Scott Cortez: Twin Radiant Flux

The first twenty seconds of Twin Radiant Flux are virtually silent—a telling harbinger of the phantom character of the album's material as a whole. It's a sixty-six-minute of processed solo guitar work by Lovesliescrushing's Scott Cortez that though laid down between 1997 and 1999 sounds as if it could have been recorded yesterday. The Chicago-based guitarist uses a modest array of guitars, four-track cassette recorders, and looping pedals to produce ghostly set-pieces where the treated guitar's tones stretch into long-form ripples and waves. The tracks vary in length from three minutes to fourteen, but the detail is moot as Cortez fashions the previously unreleased material into a single, uninterrupted piece. The material grows especially gaseous during the twelve-minute fourth part, so much so that the listener feels as if he/she is hovering in slow-motion amongst the clouds. Billowing masses shimmer until we descend to cavernous terra firma in track five, where an occasional steely wave surges against the shore, until things turn unearthly once more during the vaporous, fourteen-minute closer. There's a purity to the material that renders a detail such as the tiny starburst at the close of the third part conspicuous, and though there's a fundamentally experimental edge to the album, the warm and enveloping character of the processed guitar textures make Twin Radiant Flux as user-friendly as experimental music can be. As a result, Cortez's ambient-drone soundscapes provide an alluring hour-long experience of ethereal drift.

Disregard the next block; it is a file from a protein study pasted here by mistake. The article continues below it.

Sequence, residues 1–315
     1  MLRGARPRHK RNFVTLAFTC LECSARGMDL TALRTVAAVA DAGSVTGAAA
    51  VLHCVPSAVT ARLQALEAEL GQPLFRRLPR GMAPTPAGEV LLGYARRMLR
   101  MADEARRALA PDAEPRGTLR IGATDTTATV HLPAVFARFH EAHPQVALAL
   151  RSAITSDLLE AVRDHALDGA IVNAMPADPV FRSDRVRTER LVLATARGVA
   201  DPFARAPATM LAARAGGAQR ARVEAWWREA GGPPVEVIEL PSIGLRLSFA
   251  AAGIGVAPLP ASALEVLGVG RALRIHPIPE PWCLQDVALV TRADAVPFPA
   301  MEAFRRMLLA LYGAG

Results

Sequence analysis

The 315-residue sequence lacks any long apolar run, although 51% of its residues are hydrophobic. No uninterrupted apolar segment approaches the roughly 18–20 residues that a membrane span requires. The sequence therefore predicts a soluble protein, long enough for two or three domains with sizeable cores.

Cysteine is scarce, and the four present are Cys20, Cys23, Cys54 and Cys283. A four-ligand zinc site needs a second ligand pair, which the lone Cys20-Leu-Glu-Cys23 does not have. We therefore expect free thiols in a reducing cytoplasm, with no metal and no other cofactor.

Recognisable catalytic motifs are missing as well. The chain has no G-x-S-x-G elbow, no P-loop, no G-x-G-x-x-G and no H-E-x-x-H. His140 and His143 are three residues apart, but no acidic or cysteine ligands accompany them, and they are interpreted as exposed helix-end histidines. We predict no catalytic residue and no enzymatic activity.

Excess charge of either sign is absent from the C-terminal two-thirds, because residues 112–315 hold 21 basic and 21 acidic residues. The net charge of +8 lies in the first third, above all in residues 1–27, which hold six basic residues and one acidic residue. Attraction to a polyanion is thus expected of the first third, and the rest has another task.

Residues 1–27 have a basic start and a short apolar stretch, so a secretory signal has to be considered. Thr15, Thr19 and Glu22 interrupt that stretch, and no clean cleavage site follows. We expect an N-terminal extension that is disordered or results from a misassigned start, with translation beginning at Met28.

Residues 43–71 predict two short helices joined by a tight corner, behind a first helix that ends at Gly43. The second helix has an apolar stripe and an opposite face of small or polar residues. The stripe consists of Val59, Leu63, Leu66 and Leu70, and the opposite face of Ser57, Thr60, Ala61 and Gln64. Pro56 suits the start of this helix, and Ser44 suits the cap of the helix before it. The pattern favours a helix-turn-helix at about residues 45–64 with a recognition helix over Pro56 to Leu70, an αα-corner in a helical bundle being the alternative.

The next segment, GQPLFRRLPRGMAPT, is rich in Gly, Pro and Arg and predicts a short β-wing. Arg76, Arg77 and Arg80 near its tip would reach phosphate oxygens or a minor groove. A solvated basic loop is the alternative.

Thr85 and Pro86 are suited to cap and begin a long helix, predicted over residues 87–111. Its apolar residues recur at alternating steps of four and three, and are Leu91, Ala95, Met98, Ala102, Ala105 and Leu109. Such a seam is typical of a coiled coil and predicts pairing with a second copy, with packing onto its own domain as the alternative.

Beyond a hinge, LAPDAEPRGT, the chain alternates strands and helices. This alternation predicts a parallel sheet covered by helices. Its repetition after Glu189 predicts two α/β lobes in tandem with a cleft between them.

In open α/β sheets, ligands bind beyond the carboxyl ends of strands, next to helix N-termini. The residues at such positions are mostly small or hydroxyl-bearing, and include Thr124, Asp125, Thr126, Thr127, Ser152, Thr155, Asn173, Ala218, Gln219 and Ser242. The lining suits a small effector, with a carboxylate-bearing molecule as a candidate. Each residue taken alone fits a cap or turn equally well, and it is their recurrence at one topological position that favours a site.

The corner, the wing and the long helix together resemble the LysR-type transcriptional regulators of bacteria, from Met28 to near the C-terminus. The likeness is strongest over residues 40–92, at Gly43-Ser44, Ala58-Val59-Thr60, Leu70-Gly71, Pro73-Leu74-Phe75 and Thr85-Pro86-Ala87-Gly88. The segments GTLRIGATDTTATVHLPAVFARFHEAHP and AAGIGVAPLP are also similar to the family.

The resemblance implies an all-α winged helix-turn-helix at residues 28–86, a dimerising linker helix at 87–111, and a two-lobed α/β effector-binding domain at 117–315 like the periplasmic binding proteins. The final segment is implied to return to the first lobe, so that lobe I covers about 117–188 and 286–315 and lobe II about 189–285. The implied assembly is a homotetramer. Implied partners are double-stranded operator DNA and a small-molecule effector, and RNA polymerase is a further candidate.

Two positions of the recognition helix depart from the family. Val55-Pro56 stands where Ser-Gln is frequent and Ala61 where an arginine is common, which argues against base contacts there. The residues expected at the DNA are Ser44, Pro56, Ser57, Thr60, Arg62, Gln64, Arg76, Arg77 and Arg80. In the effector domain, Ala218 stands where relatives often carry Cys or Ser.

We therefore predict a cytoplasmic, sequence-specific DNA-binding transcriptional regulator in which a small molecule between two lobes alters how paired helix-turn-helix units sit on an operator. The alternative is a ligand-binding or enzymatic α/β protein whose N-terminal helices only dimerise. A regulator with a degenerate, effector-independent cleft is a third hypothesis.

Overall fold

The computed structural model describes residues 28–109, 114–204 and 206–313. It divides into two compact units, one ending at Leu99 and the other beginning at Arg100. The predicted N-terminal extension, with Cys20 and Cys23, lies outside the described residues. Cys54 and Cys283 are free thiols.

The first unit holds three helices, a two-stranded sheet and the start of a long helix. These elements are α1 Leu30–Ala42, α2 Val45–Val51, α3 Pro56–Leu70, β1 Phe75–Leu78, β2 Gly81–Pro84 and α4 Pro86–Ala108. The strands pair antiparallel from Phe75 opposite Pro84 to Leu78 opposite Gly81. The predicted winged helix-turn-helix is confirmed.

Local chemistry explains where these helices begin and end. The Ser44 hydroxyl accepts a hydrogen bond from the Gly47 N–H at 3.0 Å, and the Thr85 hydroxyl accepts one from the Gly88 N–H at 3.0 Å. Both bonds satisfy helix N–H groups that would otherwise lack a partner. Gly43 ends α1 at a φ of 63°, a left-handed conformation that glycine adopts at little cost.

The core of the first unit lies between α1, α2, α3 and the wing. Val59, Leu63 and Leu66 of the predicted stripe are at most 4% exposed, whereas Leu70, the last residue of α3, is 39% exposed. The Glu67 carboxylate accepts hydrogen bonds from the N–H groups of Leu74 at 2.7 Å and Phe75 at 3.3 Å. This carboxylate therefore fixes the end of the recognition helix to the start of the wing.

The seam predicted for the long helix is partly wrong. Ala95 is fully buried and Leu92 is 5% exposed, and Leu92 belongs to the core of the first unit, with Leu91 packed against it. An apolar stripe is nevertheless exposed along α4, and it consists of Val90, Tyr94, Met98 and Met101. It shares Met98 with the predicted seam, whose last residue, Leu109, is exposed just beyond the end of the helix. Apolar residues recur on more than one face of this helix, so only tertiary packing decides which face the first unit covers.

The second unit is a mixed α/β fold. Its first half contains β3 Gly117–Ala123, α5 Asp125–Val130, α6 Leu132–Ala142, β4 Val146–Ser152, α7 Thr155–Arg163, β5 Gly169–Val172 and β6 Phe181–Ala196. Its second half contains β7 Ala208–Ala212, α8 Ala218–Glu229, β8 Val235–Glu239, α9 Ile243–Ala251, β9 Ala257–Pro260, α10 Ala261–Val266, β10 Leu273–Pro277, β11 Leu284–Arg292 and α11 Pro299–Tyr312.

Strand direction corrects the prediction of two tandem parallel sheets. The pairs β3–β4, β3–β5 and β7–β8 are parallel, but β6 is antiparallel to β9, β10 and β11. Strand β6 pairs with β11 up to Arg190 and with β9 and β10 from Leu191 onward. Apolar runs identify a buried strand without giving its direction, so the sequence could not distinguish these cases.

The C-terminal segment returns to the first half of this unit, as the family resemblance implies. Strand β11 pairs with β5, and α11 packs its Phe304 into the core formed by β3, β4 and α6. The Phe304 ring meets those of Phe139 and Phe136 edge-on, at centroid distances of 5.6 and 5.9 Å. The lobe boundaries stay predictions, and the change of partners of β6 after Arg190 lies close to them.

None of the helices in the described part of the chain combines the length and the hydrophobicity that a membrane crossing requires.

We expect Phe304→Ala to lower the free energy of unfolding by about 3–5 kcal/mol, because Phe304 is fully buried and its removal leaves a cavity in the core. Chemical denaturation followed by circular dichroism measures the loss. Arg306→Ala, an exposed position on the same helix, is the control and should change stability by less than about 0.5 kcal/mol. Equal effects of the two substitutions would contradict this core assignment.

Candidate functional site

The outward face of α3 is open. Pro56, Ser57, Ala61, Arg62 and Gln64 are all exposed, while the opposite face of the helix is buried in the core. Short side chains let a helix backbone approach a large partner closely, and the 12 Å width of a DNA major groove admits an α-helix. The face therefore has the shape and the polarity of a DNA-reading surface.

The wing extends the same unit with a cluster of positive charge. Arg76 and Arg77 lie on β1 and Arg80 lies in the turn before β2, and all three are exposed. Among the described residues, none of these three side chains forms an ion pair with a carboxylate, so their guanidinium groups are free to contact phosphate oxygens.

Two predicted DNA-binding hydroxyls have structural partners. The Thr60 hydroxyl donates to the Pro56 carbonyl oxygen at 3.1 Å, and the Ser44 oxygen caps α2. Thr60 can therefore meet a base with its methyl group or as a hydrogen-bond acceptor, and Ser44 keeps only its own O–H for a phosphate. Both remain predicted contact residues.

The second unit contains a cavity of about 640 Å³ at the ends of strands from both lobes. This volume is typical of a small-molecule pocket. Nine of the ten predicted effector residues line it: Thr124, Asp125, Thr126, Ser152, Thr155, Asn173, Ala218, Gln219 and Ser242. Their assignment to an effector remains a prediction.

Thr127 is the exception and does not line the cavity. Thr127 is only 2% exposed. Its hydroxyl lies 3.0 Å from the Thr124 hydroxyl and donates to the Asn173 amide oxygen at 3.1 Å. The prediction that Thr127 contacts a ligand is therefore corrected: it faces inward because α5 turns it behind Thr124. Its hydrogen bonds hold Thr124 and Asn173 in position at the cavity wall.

January 2011